2. Statistical Technique

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## Three Basic Methods of Market Research

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1. Consumer Surveys - pro: lots of info, con: not willing to give accurate answers

2. Consumer Clinics - groups given money to buy items to observe impact of factors, con: expensive and subjects aware they are being watched

3. Market Experiment - examine consumers in real-market situations, cons: expensive

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## Two Fundamental Approaches to Statistical Technique

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1. Correlation Analysis - estimating the degree of association between two variables (simple - 2, multiple - many, partial - 2 in presence of one another)

2. Regression Analysis - actually measures the magnitude of the impact (more concrete than correlation)

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## Correlation Analysis

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The coefficient, r, measures the degree of association between two variables - the closer to 1 or -1, the stronger the degree of association.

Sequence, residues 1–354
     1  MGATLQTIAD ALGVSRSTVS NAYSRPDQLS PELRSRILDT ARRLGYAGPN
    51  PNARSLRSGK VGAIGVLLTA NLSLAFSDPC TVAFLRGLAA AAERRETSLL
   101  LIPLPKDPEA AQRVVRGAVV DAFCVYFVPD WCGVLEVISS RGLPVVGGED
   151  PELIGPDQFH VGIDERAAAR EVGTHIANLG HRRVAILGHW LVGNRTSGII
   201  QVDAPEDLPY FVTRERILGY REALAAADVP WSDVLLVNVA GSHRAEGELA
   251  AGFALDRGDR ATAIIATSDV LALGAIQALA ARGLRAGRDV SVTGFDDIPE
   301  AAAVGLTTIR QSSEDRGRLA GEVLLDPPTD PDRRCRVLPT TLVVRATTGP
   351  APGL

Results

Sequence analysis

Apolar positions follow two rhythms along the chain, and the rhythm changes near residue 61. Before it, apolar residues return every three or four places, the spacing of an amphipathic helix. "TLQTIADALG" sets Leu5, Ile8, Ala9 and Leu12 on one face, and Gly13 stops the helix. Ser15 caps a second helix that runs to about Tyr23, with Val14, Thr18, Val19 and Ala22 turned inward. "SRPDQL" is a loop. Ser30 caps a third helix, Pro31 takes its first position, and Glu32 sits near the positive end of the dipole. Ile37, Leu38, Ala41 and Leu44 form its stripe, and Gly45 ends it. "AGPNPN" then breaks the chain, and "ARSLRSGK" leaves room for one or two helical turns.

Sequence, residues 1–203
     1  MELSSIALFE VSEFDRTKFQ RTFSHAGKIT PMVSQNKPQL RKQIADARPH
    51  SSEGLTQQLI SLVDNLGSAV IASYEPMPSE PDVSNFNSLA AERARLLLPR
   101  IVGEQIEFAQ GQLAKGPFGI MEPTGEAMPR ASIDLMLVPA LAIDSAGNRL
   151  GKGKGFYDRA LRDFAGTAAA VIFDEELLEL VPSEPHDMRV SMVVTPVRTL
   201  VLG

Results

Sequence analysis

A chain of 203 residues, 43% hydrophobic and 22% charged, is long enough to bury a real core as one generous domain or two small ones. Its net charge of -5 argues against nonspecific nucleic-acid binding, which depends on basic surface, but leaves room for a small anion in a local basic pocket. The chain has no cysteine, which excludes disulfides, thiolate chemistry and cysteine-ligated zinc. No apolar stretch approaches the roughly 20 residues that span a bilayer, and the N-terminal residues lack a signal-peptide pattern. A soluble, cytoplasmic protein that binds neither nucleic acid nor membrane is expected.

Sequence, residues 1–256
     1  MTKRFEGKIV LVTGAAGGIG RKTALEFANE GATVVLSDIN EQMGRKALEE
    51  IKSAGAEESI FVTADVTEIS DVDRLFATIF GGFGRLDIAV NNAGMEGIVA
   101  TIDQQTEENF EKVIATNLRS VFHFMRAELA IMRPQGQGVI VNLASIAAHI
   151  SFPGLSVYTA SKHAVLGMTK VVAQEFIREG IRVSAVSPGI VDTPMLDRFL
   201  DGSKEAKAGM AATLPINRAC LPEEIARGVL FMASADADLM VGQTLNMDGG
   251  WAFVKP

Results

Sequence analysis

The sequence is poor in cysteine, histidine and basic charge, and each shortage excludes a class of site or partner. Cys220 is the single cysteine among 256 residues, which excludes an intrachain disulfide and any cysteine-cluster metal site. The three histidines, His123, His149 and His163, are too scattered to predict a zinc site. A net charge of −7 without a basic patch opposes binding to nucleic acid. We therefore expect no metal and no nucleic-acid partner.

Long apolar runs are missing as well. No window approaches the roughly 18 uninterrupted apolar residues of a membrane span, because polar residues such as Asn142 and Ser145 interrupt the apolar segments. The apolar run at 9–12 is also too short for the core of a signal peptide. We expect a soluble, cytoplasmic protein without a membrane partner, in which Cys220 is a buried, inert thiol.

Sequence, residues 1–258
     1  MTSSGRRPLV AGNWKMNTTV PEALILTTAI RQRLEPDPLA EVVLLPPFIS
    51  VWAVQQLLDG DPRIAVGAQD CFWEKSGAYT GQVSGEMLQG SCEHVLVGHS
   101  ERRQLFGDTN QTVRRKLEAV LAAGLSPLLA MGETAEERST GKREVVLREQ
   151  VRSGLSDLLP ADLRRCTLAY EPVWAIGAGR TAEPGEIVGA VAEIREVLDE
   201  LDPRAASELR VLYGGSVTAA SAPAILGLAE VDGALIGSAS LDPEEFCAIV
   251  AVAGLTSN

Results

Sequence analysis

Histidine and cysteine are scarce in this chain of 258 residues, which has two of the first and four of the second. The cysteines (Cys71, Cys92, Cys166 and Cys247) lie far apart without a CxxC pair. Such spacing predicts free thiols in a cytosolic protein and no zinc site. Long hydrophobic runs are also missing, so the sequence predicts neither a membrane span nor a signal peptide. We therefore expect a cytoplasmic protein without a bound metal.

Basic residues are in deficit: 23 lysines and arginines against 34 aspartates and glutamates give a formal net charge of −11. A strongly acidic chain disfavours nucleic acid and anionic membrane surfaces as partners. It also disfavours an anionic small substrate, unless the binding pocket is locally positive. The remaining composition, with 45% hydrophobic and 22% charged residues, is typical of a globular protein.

NOT variables if they are impacting one another

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## Regression Analysis Steps (5)

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1. Identification of Variables - brainstorming stage, use coefficients and select variables with the highest (shouldn't correlate with each other)

2. Formulation of the Demand Model - which equation to use? Simpler the better. Linear is always good place to start.

3. Collection of the Data - time series forms (data over time) or cross section forms (data from diff regions at same time) - either way, min 30 samples

4. Estimation of the Parameters/Coefficients

5. Evaluation and testing of the model

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## Overidentification/Underidentification

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Under - not including variables that are important in regression analysis

Over - including more than sufficient variables

(better than under)

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## Multicollinearity

### correlation between two variables can't be higher than the correlation between either variable and the item studying

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## Types of Variables

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- Qualitative - e.g taste